Utilization of Millimeter-Wave Spectrum in Wireless NetworksView this Special Issue
Editorial | Open Access
Utilization of Millimeter-Wave Spectrum in Wireless Networks
To encounter the continuous increasing of bandwidth demand at the end-users of wireless and optical communication networks, the millimeter-wave (MMW) carriers are used for future broadband wireless networks. The next generation of wireless networks is usually developed and implemented based on utilization of the available spectrum in the MMW frequency bands (30–300 GHz) to provide multi-Gigabit networks with high reliable transmission over large distances. The MMW wireless communication suffers from the channel fading which leads to limiting the coverage range and the mobility. To design the wireless networks based on the MMW spectrum, the performance of these networks must be optimized to offer huge data rate, low latency, and high spectrum efficiency.
The recent 5G wireless networks almost utilized are the subband from 28 GHz to 80 GHz in the band of MMW that extended from 30 GHz to 300 GHz. Extensive propagation measurements have been performed at 28 GHz, 38 GHz, and 73 GHz in urban microcellular, urban macrocellular, and/or indoor scenarios. Planning of the 5G wireless network by using MMW frequencies offers high performance capacity, throughput, and QoS compared with microwave frequencies which is applied in the current networks such as Long-Term Evaluation (LTE) wireless networks (2 GHz or 3.6 GHz). The development technologies also make MMW possible for cheap consumer devices such as Full Duplex (FD), Massive Multiple Input Multiple Output (MIMO), Orthogonal Frequency Division Multiplexing Access (OFDMA), and Generalized Frequency Division Multiplexing (GFDM).
When the frequency goes up to the range of MMW, the energy absorption caused by atmosphere, rain, and snow becomes increasingly prominent which causes limitation in signal transmission distance. In this special issue, most of the accepted papers to be published are proposed to solve these problems.
The first paper “Spectral and Energy Efficiencies in mmWave Cellular Networks for Optimal Utilization" by A. M. Hamed and R. K. Rao is proposed to examine energy efficiency (EE), spectral efficiency (SE), network latency, area spectral efficiency (ASE), and area energy efficiency (AEE) of MMW cellular network in 28 and 73 GHz bands for line-of-sight (LOS) and non-line-of-sight (NLOS) links. This paper presented a frame work for analysis of SE and EE metrics of the network for optimum utilization of network resources. The results have shown that 73 GHz band achieves better SE and the 28 GHz band is superior in terms of EE. It is observed that while the latter band is expedient for indoor networks, the former band is appropriate for outdoor networks.
The second paper “Measurement Method of Temporal Attenuation by Human Body in Off-the-Shelf 60 GHz WLAN with HMM-Based Transmission State Estimation" by Y. Koda et al. conducted a measurement of time-varying signal attenuation induced by human blockage, involving a commercially available IEEE 802.11ad wireless local area network access point (WLAN AP) and wireless station (STA). This paper has estimated signal coexisting at each sampling point using a simple two-state hidden Markov model. The measurements have been validated in that the measured time-varying signal attenuation is in agreement with knife edge diffraction theory.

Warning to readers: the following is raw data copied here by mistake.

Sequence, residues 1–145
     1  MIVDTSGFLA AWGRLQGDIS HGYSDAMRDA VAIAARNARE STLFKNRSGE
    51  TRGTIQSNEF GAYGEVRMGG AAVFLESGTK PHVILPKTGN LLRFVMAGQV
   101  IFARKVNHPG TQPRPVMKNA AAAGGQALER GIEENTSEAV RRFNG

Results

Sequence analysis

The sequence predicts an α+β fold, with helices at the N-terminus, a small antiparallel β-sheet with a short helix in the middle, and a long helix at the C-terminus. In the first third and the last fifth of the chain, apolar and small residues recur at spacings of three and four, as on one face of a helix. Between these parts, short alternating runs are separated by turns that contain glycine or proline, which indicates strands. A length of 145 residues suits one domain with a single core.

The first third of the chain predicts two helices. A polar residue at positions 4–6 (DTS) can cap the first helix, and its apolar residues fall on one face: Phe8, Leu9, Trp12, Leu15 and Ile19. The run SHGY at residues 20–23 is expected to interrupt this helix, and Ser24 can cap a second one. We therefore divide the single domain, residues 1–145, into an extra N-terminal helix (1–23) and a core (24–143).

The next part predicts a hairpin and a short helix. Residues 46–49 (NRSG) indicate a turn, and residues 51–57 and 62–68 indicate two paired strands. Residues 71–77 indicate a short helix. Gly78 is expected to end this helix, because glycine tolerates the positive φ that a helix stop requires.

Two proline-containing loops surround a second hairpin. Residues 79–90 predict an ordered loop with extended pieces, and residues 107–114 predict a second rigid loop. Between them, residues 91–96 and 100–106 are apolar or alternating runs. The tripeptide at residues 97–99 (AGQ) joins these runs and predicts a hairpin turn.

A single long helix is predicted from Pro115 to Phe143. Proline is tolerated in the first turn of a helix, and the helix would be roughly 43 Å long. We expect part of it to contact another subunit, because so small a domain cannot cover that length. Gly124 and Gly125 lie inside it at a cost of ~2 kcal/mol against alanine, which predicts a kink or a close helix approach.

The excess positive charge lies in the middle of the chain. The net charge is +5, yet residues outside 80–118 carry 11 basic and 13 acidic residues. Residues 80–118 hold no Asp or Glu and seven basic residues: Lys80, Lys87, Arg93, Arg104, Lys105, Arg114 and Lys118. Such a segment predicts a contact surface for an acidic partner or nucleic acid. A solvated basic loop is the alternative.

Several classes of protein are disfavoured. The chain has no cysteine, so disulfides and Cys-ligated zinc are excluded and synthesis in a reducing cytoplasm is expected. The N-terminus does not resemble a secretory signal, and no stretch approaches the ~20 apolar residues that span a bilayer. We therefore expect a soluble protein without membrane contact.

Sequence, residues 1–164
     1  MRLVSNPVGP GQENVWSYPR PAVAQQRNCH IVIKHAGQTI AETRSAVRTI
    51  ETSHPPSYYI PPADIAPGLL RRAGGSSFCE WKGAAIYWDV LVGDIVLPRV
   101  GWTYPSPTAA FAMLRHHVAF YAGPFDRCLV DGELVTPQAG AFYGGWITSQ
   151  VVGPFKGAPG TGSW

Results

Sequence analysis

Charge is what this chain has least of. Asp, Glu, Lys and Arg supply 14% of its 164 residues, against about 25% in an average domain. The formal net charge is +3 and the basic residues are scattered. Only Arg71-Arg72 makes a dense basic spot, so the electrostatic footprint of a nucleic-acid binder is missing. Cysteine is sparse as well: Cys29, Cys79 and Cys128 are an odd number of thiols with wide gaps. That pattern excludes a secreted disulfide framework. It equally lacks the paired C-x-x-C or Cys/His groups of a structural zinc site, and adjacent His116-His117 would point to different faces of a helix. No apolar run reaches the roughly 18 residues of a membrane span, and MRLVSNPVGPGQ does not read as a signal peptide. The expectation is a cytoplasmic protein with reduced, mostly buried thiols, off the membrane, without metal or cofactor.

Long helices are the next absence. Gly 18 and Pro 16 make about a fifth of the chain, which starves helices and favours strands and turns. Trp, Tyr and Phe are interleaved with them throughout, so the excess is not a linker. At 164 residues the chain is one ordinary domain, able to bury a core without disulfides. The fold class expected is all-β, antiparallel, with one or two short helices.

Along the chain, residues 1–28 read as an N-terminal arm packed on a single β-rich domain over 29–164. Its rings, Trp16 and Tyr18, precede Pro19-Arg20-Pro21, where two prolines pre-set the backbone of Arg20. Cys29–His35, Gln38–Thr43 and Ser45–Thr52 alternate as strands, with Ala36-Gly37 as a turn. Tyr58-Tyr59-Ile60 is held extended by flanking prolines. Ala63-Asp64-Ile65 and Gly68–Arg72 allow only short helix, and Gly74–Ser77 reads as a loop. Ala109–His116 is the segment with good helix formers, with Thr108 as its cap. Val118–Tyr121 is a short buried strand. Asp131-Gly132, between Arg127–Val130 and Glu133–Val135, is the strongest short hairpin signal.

The third paper “Indoor Corridor Wideband Radio Propagation Measurements and Channel Models for 5G Millimeter Wave Wireless Communications at 19 GHz, 28 GHz, and 38 GHz Bands" by A. M. Al-samman et al. has investigated the propagation characteristics at three different bands 19, 28, and 38 GHz in an indoor corridor environment for LOS and NLOS scenarios. The results have shown that the received signal power at the higher frequency band is more sensitive to the angle-of-arrival (AOA) variation. It is shown that, within a 1-m receiver movement, the received signal power decreases by up to 11 dB when using the 38 GHz band and the signal only decreased approximately 3 dB for the 19 GHz band.
The fourth paper “Combined Sector and Channel Hopping Schemes for Efficient Rendezvous in Directional Antenna Cognitive Radio Networks" by A. M. Al-Mqdashi et al. has proposed efficient schemes for achieving sector and channel rendezvous in directional antenna cognitive radio networks (DIR-CRNs). Rendezvous is a prerequisite and important process for secondary users (SUs) to establish data communications in CRNs. Two efficient coprimality-based sector hopping schemes have been proposed for providing sector rendezvous in asymmetric and symmetric role environments. The sector hopping (SH) schemes have been combined with an efficient grid-quorum-based channel hopping (CH) scheme for providing a guaranteed sector and channel rendezvous simultaneously between the SUs in DIR-CRNs.
The fifth paper “A Stochastic Geometry Approach to Full-Duplex MIMO Relay Network" by M. N. Hindia et al. has developed a tractable model to analyze the success probability and ergodic capacity of the two-hop MIMO expressions for the random nodes, using tools from stochastic geometry. The results have shown the effect of partial zero forcing (PZF) in mitigating the interferences including the self-interference to demonstrate the feasibility of FD technology even for moderate values of self-interference attenuation.
Redhwan Q. Shaddad
Ahmed M. Al-Samman
Murad A. Rassam
Copyright © 2018 Redhwan Q. Shaddad et al. This is an open access article distributed under the Creative Commons Attribution License, which permits unrestricted use, distribution, and reproduction in any medium, provided the original work is properly cited.